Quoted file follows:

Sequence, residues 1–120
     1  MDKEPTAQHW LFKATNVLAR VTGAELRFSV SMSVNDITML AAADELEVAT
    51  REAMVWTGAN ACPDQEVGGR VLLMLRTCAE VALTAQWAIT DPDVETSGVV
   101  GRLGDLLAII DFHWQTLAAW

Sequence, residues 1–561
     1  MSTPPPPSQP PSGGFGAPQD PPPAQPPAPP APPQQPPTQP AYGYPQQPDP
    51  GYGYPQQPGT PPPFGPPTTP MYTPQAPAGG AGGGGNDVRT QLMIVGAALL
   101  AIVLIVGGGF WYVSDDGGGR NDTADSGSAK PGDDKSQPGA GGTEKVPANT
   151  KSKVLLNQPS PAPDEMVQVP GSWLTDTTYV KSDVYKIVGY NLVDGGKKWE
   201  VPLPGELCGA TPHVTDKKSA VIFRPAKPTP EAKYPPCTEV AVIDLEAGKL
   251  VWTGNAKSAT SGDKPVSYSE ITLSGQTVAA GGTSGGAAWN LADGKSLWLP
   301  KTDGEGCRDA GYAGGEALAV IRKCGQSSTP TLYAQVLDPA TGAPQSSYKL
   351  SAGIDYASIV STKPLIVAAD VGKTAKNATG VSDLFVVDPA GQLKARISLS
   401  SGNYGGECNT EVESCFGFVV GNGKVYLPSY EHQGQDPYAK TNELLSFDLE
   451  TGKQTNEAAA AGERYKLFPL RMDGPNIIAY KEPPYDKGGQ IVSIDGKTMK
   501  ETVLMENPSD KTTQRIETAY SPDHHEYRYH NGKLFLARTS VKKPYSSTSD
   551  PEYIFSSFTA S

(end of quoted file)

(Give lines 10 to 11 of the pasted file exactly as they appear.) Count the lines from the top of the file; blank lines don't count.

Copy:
   201  VPLPGELCGA TPHVTDKKSA VIFRPAKPTP EAKYPPCTEV AVIDLEAGKL
   251  VWTGNAKSAT SGDKPVSYSE ITLSGQTVAA GGTSGGAAWN LADGKSLWLP